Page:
January 1, 1927|
Wichita, Kansas, U.S.
|Died||March 11, 1965
Birmingham, Alabama, U.S.
|Cause of death||Murder|
|Alma mater||St. Olaf College
Princeton Theological Seminary
|Occupation||Unitarian Universalist minister|
|Known for||Civil Rights Movement|
James Reeb (January 1, 1927 – March 11, 1965) was an American Unitarian Universalist minister, pastor and activist during the Civil rights movement in Washington, D.C. and Boston, Massachusetts. While participating in the Selma to Montgomery marches actions in Selma, Alabama, in 1965, he was murdered by white segregationists, dying of head injuries in the hospital two days after being severely beaten.
Reeb was born on January 2, 1927 in Wichita, Kansas, to Mae (Fox) and Harry Reeb. He was raised in Kansas and Casper, Wyoming. He graduated from St. Olaf College and attended Princeton Theological Seminary in Princeton, New Jersey  and ordained a Presbyterian minister after graduation.
As a scholar of theology, Reeb grew away from traditionalist Presbyterian teachings and was drawn to the Unitarian Universalist church. Reeb appreciated the church's emphasis on social action, and he became active in the civil rights movement during the 1960s.
Beginning in his new ministry, Reeb encouraged parishioners to participate in the movement as well. With his wife and four children, he lived in poor black neighborhoods where he felt he could do the most good. After three years of active service at All Souls Church in Washington, D.C., Reeb was fully ordained as a Unitarian Universalist minister in 1962. In 1964, he began as community relations director for the American Friends Service Committee's Boston Metropolitan Housing Program, focusing on desegregation.
Reeb married Marie Deason on August 20, 1950; they had four children.
A member of the Southern Christian Leadership Conference (SCLC), Reeb went to Selma to join protests for African American voting rights following the attack by state troopers and sheriff's deputies on nonviolent demonstrators on March 7, 1965. After eating dinner at an integrated restaurant on March 9, Reeb and two other Unitarian ministers, Rev. Clark Olsen and Rev. Orloff Miller, were beaten by white men with clubs for their support of African American rights. Several hours elapsed before Reeb was admitted to a Birmingham hospital where doctors performed brain surgery. While Reeb was on his way to the hospital in Birmingham, civil rights leader Martin Luther King, Jr. addressed a press conference lamenting the ‘‘cowardly’’ attack and asking all to pray for his protection. Reeb died two days later. His death resulted in a national outcry against the activities of white racists in the Deep South.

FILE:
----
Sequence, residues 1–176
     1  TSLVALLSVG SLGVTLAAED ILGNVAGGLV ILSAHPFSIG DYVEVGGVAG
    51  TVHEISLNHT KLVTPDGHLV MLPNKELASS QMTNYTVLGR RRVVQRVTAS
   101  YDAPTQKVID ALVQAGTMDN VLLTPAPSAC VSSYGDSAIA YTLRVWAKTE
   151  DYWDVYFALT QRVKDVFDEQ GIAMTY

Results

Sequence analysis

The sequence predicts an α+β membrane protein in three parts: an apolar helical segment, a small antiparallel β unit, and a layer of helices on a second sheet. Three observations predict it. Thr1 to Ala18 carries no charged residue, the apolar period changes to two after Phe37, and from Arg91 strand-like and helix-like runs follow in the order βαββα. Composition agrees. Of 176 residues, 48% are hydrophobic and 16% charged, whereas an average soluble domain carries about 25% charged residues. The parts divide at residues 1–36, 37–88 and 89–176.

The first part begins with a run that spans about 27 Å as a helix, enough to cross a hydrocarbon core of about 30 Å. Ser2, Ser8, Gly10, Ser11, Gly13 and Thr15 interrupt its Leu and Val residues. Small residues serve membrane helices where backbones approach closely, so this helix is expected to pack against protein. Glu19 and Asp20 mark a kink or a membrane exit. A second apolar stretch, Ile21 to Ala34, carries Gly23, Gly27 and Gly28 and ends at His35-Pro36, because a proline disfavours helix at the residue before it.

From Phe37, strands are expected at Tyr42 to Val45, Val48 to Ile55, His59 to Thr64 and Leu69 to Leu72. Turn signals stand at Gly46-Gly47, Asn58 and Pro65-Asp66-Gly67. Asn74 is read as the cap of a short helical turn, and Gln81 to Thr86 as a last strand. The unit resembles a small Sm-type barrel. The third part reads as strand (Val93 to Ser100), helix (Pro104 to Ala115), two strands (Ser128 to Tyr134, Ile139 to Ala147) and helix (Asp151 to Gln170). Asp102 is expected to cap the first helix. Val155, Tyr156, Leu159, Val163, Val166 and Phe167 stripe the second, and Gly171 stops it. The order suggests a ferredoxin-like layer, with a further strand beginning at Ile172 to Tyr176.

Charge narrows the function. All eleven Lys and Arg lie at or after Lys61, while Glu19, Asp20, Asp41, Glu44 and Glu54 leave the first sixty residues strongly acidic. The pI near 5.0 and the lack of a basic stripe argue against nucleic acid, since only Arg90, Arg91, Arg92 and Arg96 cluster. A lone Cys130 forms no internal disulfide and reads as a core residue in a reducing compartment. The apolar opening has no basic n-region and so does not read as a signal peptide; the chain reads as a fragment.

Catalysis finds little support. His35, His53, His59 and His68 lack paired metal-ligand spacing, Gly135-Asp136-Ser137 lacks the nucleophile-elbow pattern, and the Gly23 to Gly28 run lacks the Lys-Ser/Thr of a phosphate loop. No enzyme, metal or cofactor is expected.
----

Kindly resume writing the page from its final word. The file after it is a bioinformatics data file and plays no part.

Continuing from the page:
Reeb’s death provoked mourning throughout the country, and tens of thousands held vigils in his honor. President Lyndon B. Johnson called Reeb’s widow and father to express his condolences, and on March 15 invoked Reeb’s memory when he delivered a draft of the Voting Rights Act to Congress. The same day, King eulogized Reeb at a ceremony at Brown’s Chapel in Selma: "James Reeb symbolizes the forces of good will in our nation. He demonstrated the conscience of the nation. He was an attorney for the defense of the innocent in the court of world opinion. He was a witness to the truth that men of different races and classes might live, eat, and work together as brothers."
In April 1965, four men - Elmer Cook, William Stanley Hoggle, Namon O’Neal Hoggle, and R.B. Kelley - were indicted in Dallas County, Alabama for Reeb’s murder; three were acquitted by an all-white jury that December. The fourth man fled to Mississippi and was not returned by the state authorities for trial. The Voting Rights Act was passed on August 6, 1965.
In July 2007, the Boston Globe reported that the FBI's Cold Case Initiative had reopened the investigation into the 46-year-old case. The renewed investigation was also reported by The Anniston Star and The Clarion-Ledger of Jackson, Mississippi.